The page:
3. Elevation bar setting. The radar is capable of scanning in multiple elevations automatically below the manually designated elevation; this moves radar elevation automatically in "bars". The first number indicates how many bars it is set to and the number after indicates the bar it is currently on. The first bar is always where the elevation has been manually set. The available settings are 1, 2, 4, and 6.
  4. Silent option. Selecting this option stops the radar from searching and invokes the "SIL" subformat.
  5. Current aircraft true heading.
  6. Currently selected air-to-air weapon and total quantity (A/A master mode only).
  7. Current range scale in nautical miles displayed and (below) buttons to decrease/increase it. This is only what is displayed; the radar will always scan as far as it can. The available range options are 5, 10, 20, 40, 80, and 160nm. When an L&S is designated, the scale will automatically increase if the L&S becomes too far away to see at the currently selected setting; this can be overridden by manual range scale adjustment.
  8. Sets the bar, azimuth, PRF, range, and aging setting for the currently selected air-to-air weapon, to be defaulted to whenever that weapon is selected.
  9. Removes L&S and DT2 designations (except in STT).
  10. When selected, performs an non-cooperative target recognition (NCTR) when a target is put in single target track. NCTR detects the way the fanblades of the aircraft warp the radar waves, and from this "print" can determine its aircraft type. NCTR requires an angle of about 30° nose-on-nose or nose-on-tail. The NCTR result is displayed on the SA format (see SA).
  11. Current aircraft altitude.
  12. Invokes the "DATA" subformat.
  13. Not yet implemented.
  14. Azimuth scan setting, in degrees total left and right (20° is 10° to the left and right). The options are 20°, 40°, 60°, 80°, and 140°.
  15. Radar mode selection (RWS, TWS, VS).
  16. Current aircraft airspeed in knots (top) and Mach number (bottom).
  17. Current gain of the radar.
  18. Pulse repetition frequency (PRF) setting; the number of pulses within a certain amount of time. Cycles between medium (MED), high (HI), and interleaved (INTL). MED has less range but can see targets at all aspects better. HI has a higher range. INTL cycles between MED and HI each scan. When the range scale is set to 5nm, only MED is available. Note that these are labeled after the range provided and MED is actually a physically higher PRF value than HI.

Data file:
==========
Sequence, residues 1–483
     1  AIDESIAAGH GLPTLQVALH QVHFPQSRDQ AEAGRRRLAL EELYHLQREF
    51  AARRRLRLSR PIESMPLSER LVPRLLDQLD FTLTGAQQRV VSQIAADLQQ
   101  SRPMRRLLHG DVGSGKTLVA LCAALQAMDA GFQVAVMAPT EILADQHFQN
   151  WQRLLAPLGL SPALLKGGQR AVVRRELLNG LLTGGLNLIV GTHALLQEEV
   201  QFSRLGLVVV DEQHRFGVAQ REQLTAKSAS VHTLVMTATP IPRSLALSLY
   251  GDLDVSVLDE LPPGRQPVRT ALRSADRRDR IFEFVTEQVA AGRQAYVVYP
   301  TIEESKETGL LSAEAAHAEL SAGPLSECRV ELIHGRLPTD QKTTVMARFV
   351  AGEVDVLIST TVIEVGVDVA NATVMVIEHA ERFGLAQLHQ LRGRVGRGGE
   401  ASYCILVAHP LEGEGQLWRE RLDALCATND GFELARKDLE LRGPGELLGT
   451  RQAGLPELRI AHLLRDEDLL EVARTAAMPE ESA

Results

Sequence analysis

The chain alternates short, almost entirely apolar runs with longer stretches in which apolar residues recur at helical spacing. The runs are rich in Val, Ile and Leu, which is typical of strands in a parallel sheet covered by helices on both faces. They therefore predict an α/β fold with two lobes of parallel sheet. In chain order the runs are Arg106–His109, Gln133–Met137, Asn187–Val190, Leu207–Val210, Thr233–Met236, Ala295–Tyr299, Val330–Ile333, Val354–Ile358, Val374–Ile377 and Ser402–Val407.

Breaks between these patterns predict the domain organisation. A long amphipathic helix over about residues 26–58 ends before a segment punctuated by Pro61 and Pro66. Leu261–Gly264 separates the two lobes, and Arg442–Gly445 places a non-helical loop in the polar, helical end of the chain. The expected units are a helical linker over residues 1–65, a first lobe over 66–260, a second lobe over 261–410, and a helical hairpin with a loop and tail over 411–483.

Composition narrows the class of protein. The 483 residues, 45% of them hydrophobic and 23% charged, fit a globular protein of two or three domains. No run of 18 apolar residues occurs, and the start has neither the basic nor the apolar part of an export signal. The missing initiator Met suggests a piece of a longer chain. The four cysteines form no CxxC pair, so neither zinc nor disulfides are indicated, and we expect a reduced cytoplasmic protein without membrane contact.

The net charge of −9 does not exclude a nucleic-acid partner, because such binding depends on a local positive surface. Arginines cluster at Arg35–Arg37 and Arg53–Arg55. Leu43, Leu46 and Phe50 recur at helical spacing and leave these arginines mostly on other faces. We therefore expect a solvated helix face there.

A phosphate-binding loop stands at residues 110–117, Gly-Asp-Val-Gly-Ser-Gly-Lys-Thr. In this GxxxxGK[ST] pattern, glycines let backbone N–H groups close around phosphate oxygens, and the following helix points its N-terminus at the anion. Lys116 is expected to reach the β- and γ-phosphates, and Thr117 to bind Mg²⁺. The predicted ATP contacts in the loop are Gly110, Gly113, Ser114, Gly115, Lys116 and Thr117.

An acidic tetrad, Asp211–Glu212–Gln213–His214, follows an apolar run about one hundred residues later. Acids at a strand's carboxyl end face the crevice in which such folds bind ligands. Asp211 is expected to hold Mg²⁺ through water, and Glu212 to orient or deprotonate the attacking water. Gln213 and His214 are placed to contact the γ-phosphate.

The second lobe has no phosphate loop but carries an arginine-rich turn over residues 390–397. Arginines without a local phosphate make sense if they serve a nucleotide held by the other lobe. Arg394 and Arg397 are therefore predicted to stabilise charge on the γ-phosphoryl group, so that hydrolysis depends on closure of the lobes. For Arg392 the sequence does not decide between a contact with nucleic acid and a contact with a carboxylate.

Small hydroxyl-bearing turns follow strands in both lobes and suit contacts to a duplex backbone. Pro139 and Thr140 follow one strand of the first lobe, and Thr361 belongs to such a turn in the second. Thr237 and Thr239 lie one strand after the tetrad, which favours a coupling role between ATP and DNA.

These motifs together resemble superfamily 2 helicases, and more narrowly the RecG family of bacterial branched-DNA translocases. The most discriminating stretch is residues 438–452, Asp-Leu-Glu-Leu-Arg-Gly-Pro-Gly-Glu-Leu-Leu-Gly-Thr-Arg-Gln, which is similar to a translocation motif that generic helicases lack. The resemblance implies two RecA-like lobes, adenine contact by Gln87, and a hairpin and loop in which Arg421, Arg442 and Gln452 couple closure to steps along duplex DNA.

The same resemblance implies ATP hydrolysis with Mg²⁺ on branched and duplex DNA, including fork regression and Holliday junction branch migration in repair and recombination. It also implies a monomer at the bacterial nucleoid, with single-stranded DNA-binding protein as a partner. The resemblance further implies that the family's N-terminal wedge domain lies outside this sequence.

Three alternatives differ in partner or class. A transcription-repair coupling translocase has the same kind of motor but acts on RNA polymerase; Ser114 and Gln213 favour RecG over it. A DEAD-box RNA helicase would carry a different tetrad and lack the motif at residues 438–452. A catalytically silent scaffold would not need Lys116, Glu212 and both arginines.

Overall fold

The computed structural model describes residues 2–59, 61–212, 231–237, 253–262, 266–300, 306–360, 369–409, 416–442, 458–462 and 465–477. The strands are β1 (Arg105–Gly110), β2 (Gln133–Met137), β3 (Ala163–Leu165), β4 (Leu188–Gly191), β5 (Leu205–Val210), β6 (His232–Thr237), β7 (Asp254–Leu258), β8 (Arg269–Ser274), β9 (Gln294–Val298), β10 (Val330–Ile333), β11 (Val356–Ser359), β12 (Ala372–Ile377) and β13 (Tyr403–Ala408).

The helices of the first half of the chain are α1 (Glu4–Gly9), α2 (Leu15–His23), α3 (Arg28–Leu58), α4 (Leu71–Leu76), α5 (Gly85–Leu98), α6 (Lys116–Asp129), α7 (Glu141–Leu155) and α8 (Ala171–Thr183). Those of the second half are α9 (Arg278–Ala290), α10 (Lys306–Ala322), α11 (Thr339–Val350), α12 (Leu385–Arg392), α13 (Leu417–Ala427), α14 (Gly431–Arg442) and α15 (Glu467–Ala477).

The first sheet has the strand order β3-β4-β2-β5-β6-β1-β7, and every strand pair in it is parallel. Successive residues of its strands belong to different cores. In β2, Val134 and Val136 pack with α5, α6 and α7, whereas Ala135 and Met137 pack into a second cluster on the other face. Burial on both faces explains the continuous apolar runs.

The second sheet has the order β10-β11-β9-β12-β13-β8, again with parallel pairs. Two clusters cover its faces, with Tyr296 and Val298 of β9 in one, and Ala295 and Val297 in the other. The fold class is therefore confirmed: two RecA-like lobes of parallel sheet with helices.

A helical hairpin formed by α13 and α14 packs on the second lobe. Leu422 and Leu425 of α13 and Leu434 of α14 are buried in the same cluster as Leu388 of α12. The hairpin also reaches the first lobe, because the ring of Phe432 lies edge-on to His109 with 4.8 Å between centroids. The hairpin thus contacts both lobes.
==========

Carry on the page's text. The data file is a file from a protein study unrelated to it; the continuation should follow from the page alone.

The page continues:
19. Not yet implemented.
  20. Caret visualizing the current radar antenna elevation, allowing the radar to scan higher or lower in altitude. This is manipulated via the radar elevation control wheel on the throttle. Manual control is disabled in ACM modes and STT.
  21. Vertical bar indicating where the radar is currently scanning.
  22. Horizon line and velocity vector of aircraft.
  23. Throttle designator controller (TDC) cursor, used for numerous functions. Above and below the cursor is displayed the maximum (above) and minimum (below) altitude, in thousands of feet, at which the radar can currently see (adding all elevation bars) at the location in space the TDC is placed; this is only shown when the cursor is within the tactical region.
  24. The lowest range the radar is currently displaying.

Not shown is the surface (SURF) radar selection, shown in the NAV or A/G master modes, which switches to the surface radar mode.

Not shown are the A/A waypoint (bullseye) indications. When an A/A waypoint is designated (see HSI), it will appear as a diamond on the radar when selected on the HSI/SA format and a circle otherwise. A line coming out of it points to true north. In the upper left of the format, the true north bearing and range from the A/A waypoint to the TDC cursor will be displayed, and at the bottom center, the true north bearing and range from the bullseye to the aircraft.